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About Ventnor

Around the town

Ventnor beach is popular all year round with sun seekers, paddlers and from October – March it is dog friendly. The beach and the esplanade benefit from a very secluded position, nestling in the lee of St Martin’s Down offering the area a slightly warmer temperature than most places in the UK.

The unique microclimate benefits the local Ventnor Botanic Garden, formerly on the site of an old Victorian hospital, famously grows many sub-tropical species of plants outdoors that could not survive colder temperatures found elsewhere in the UK. For example the Puya which typically grows in Central and South America.

The town of Ventnor seems to have escaped the influx of national brands so shopping in these quaint town streets is a treat. Explore the local businesses from jewellery makers, tea rooms, clothing stores, cosmetics (get your nails and hair done while you stay here) and so much more.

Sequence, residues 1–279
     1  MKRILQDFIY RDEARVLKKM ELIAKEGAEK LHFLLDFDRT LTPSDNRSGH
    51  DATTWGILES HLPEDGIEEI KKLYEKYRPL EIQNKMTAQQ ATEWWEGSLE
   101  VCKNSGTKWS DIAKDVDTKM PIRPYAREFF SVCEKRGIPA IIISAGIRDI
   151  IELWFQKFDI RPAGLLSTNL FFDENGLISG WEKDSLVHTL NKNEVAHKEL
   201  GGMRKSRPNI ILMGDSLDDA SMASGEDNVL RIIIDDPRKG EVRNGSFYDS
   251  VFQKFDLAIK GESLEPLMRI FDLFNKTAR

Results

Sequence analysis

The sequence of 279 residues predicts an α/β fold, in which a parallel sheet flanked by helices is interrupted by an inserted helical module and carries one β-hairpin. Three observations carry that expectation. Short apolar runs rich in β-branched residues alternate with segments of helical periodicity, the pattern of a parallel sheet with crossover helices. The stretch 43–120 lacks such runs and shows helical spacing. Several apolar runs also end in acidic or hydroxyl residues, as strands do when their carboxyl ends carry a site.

Ventnor

During the summer Ventnor is a hub of artistic flair and talent at the Fringe rolls in town. Enjoy live music, street entertainment and pop-up theatres to name a few things. Visit vfringe.co.uk for more information and dates.

Ventnor may be near the Island’s most southern point but it is just a short 30 minutes drive from the county town of Newport and no more than 45 minutes drive to anywhere else on the beautiful diamond isle.

Ventnor

Eating Out

The Spyglass Inn has one of the best locations of any pub in the UK and is located only a few metres away from our accommodation. This traditional pub is renowned for its warm hospitality, great food and live local music. Keep an eye on their website for more information on who’s playing and what events they have running during your stay. It’s loved by locals as well as holiday makers.

There are a variety of restaurants, cafes and bars dotted along the seafront, so refreshments are never far away.

Zig zag your way up to the main town (it’s a little steep, so take your time) and take in the charming Victorian architecture. There are more restaurants, cafes and pubs for you to try as well as two local shops so you can stock up on a few supplies for your holiday home.

If you venture out along the coastal paths, discover the small village of Bonchurch to the east or the tiny fishing hamlet of Steephill Cove, a true delight if you are heading west and famous for its crab pasties.

To find out more about the Isle of Wight and what’s on and where to go during your holiday visit isleofwight.co.uk

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